So swimming was always going to be an interesting, and potentially hazardous, activity from a culturally sensitive point of view.

The first two occasions on which I went swimming were quite similar and the question of modesty was answered with a simple and obvious response: wear all your clothes.

Of course! It makes perfect sense does it not? Dressed in one's full regalia one can practically glide through the water, much like an agile otter or a fish.

For the women in particular this is the done thing. I was surrounded by women wearing full salwar kameezes to the water but I couldn't help but feel that it was just a little impractical. Not that it was a huge issue it turns out because most of them couldn't swim anyway. Having had lessons at school it had never really occurred to me but there's not an abundance of public pools around here. In fact the city has substantial issues of water shortage and pools seem to be the preserve of the wealthy or hotels.

One consequence of this that did prove a little frustrating was the insistence on wearing a life jacket. There was a chronic fear of what could happen and because a few people drowned in a lake some years ago we were all forced to don restrictive life jackets before entering the water, irrespective of an individuals swimming ability. Indeed in one pool that I visited the lifeguards reprimanded me for straying too deep, despite the fact that at its deepest the water didn't go above my chin.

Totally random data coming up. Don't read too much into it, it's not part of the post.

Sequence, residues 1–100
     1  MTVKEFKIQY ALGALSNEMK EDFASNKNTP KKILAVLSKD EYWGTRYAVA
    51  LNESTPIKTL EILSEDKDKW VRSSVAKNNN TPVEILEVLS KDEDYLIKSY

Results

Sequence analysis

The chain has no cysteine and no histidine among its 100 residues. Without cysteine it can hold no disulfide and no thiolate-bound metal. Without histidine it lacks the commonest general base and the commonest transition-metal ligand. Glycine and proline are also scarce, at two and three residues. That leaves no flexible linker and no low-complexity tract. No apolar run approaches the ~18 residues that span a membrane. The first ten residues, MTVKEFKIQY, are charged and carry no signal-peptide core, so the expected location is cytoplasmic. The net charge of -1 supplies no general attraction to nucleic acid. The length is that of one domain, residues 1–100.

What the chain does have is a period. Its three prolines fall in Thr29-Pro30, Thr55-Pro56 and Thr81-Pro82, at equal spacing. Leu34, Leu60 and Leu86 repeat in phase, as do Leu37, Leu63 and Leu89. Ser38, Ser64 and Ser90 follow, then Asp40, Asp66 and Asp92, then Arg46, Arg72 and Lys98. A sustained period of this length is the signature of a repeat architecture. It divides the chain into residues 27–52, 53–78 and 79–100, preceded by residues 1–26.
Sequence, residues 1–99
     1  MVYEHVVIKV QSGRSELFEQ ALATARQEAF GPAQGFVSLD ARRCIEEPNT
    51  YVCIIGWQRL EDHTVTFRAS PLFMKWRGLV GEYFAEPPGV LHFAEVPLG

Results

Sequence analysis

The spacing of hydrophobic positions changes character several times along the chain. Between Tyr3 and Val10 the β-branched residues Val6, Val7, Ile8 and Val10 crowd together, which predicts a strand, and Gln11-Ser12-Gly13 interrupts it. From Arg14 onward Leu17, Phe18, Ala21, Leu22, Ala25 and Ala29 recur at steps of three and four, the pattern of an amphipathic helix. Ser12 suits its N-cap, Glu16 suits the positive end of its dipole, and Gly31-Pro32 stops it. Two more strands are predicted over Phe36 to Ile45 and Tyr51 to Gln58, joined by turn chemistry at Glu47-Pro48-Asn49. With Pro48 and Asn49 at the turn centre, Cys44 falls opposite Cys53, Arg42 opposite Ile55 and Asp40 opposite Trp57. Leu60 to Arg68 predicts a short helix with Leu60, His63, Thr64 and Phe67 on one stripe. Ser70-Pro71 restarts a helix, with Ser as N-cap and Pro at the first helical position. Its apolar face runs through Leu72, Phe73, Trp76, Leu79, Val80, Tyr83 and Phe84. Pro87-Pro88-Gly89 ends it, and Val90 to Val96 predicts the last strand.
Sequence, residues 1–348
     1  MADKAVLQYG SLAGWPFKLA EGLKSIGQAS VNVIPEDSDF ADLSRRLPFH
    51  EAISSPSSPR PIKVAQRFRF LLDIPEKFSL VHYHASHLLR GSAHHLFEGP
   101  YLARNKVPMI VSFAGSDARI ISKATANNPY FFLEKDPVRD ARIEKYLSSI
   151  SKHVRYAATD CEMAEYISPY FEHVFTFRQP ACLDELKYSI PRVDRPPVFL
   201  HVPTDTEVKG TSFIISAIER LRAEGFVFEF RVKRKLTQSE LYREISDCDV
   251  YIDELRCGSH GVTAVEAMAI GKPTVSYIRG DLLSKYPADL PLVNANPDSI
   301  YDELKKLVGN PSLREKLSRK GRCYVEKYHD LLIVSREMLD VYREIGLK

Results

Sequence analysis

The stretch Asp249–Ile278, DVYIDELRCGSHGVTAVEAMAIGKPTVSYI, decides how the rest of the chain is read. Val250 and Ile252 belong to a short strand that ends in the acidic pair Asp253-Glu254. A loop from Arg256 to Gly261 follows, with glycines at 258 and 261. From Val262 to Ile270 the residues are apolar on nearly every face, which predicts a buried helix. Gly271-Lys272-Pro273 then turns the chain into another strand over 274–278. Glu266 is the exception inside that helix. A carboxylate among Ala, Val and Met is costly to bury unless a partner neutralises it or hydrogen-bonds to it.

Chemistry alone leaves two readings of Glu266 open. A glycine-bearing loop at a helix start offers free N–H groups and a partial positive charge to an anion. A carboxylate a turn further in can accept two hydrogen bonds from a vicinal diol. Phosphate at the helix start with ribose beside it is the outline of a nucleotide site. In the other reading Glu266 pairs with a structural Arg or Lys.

I couldn't help but feel that their rebukes were a little absurd.

So having got into this swimming-fully-dressed lark, when some friends invited me to Water Kingdom in Gorai I naturally came armed with a full repertoire of clothing items with which to take a dip.

What a surprise I was in for.

Water Kingdom is rather strict on their dress codes. This is a place that is, after all, 'Not for swimming' (a sign claimed that there were no such facilities on site). Anything that had zips or was of a fabric other than nylon was simple not allowed. No worries though, you are able to hire a piece of swimwear.

Now, putting aside the uncomfortable thought of how many other men had worn the garment before me, I approached the hiring stand to assess the options. To say I was scandalised would be an understatement. For a country that has a strong aversion to nudity the three options available were quite surprising!

The first item was a Speedo type piece. I politely declined.

The second and third options were both quite similar. The choice was thus between the enticingly named, full- or half-tight (fortunately 'full' and 'half' corresponded to the length of the leg rather than closeness of the suit).

I opted for half-tight as shorts seemed a better option than wondering around in what looked like a goalkeeper's trousers from the 1920s, but oh my! I spent the rest of the day walking around feeling like I was creating scenes of gross indecency. For a conservative country it seemed very bizarre that we were forced into wearing shorts that left very little of the human anatomy to the imagination.

It transpired that I was in good company though. More or less everyone else turned out wearing uncomfortable little shorts that weren't exactly flattering. At least I could take away from the day the realisation that I am a socially active, gregarious, outgoing and open person, though alas not a student as that seems to be important and worthy of note.